Treviño said the existing vehicle for hire ordinance in general and how it pertains to traditional taxi and limousine companies should get a fresh look, too.

“We need to obviously always revisit our regulations and make sure that they fit the time we live in,” he said.

The fees, redundant background and safety checks, and data privacy are among the issues concerning Uber Texas General Manager Chris Nakutis.

“We’re very strong on data privacy,” Nakutis said. “(And) the City is asking for all of our data, just for the sake of ‘we want it.’ ”

Uber isn’t opposed to sharing its data, but under limited terms, he said, pointing to its data partnership with the City of Boston, an arrangement that has been “helping that city to better understand transportation in their city.”

Uber recently announced it will give Boston dates and times of trips, zip codes for pickups and dropoffs, distance traveled and the trip’s duration. Boston will use the information to inform everything from traffic planning to zoning changes to available parking spots. This data will be anonymous in terms of who is driving and who is riding.

“(The City of) San Antonio is asking for (information) at a very scary level,” he said. “Pick up location, drivers’ and riders’ personal information … things we couldn’t protect form FOIA (Freedom of Information requests) once the City has it.”

This kind of data mining could be an unintended consequence of the wording of the ordinance, with Council members not necessarily understanding the implications.

Data requests aside, at the end of the day, Nakutis said, “The City is taking taxi-type regulations and pushing them onto a different type of industry.”

The move to soften the ordinance even before it takes effect comes after weeks of building public protest over the Council’s December vote and, in the preceding months, widespread disapproval among rideshare users of how Uber and Lyft and their drivers were treated by city government.

Recently retired Police Chief William McManus was the driving force behind the move last year to tightly regulate Uber and Lyft, branding the services and their independent drivers as lawbreakers. The public, on the other hand, embraced rideshare companies as a welcome transportation option, one that employs smart phone apps to put affordable ride service at the fingertips of customers. Many users cite it as the most effective tool available to combat drunk driving.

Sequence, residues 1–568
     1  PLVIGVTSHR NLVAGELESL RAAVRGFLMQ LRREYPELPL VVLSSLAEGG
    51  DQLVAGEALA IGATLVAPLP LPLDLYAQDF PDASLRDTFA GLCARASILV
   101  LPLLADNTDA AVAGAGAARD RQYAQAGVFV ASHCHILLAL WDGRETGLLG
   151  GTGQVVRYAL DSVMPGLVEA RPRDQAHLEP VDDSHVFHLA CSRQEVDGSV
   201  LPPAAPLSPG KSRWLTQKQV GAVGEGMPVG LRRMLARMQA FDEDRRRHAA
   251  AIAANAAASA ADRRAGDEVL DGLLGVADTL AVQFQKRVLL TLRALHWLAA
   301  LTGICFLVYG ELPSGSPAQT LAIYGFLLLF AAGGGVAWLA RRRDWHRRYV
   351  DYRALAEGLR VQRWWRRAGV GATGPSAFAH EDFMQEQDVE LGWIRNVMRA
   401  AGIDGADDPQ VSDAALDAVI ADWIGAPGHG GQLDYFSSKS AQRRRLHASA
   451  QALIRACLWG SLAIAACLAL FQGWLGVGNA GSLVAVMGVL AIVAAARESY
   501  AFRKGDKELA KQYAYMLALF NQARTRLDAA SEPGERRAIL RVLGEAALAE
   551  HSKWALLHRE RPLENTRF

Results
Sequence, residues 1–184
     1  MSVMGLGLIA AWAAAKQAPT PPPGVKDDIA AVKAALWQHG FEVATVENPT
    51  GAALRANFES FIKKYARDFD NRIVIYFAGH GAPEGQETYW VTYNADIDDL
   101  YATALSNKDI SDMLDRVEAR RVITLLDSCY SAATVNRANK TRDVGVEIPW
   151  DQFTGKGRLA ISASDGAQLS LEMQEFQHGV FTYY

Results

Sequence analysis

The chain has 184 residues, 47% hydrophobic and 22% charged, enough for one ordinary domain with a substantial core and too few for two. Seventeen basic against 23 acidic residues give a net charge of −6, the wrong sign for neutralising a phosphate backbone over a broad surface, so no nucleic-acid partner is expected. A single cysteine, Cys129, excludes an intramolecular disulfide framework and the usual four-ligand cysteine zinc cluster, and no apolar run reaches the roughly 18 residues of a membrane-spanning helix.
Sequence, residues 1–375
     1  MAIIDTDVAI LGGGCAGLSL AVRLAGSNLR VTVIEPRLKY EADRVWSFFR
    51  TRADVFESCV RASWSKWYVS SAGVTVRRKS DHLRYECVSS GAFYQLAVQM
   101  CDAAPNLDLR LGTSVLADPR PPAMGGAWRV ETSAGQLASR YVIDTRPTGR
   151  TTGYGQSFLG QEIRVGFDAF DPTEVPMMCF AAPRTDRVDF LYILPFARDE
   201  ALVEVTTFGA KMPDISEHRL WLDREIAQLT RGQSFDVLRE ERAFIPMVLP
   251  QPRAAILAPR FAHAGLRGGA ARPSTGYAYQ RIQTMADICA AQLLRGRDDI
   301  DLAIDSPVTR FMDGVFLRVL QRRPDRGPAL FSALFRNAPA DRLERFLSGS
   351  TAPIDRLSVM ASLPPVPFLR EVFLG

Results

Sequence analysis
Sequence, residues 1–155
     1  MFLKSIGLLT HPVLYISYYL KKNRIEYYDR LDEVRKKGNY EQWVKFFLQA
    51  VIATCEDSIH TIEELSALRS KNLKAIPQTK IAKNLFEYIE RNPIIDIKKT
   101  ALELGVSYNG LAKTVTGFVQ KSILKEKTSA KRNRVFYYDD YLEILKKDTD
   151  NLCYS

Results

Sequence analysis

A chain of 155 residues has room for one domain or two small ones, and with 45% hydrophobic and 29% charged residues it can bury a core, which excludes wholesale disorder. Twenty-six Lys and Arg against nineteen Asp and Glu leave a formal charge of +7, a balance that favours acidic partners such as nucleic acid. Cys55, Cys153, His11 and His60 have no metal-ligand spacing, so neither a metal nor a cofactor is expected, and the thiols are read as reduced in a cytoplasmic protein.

Taking this new mode of transportation away after months of use by riders and drivers would be a shock to the system.

“The City Council has kept an anti-innovation ordinance at the cost of thousands of part-time jobs across san Antonio,” Nakutis said, also citing the more than 40,000 Uber trips made in January alone. “It’s a small segment (of drivers), 8% , that are full-time … (for many part-time drivers) it means paying a mortgage on time, it’s an extra uniform for your daughter’s school.”

*Featured/top image: Rideshare advocates stand in support of Lyft and Uber during a City Council meeting that resulted in approval of strict rideshare regulation in December 2014 that will take effect March 1, 2015. Photo by Iris Dimmick.

Related Stories:

MADD: San Antonio is Safer With Rideshare

Not Okay With Just Okay: Rideshare and Innovation in San Antonio

City Crafting Alternative Rideshare Ordinance

Uber to Leave San Antonio, Lyft on the Fence

USAA Offers Rideshare Insurance in Colorado 

Iris Dimmick

Iris Dimmick

Senior Reporter Iris Dimmick covers public policy pertaining to social issues, ranging from affordable housing and economic disparity to policing reform and workforce development. Contact her at iris@sareport.org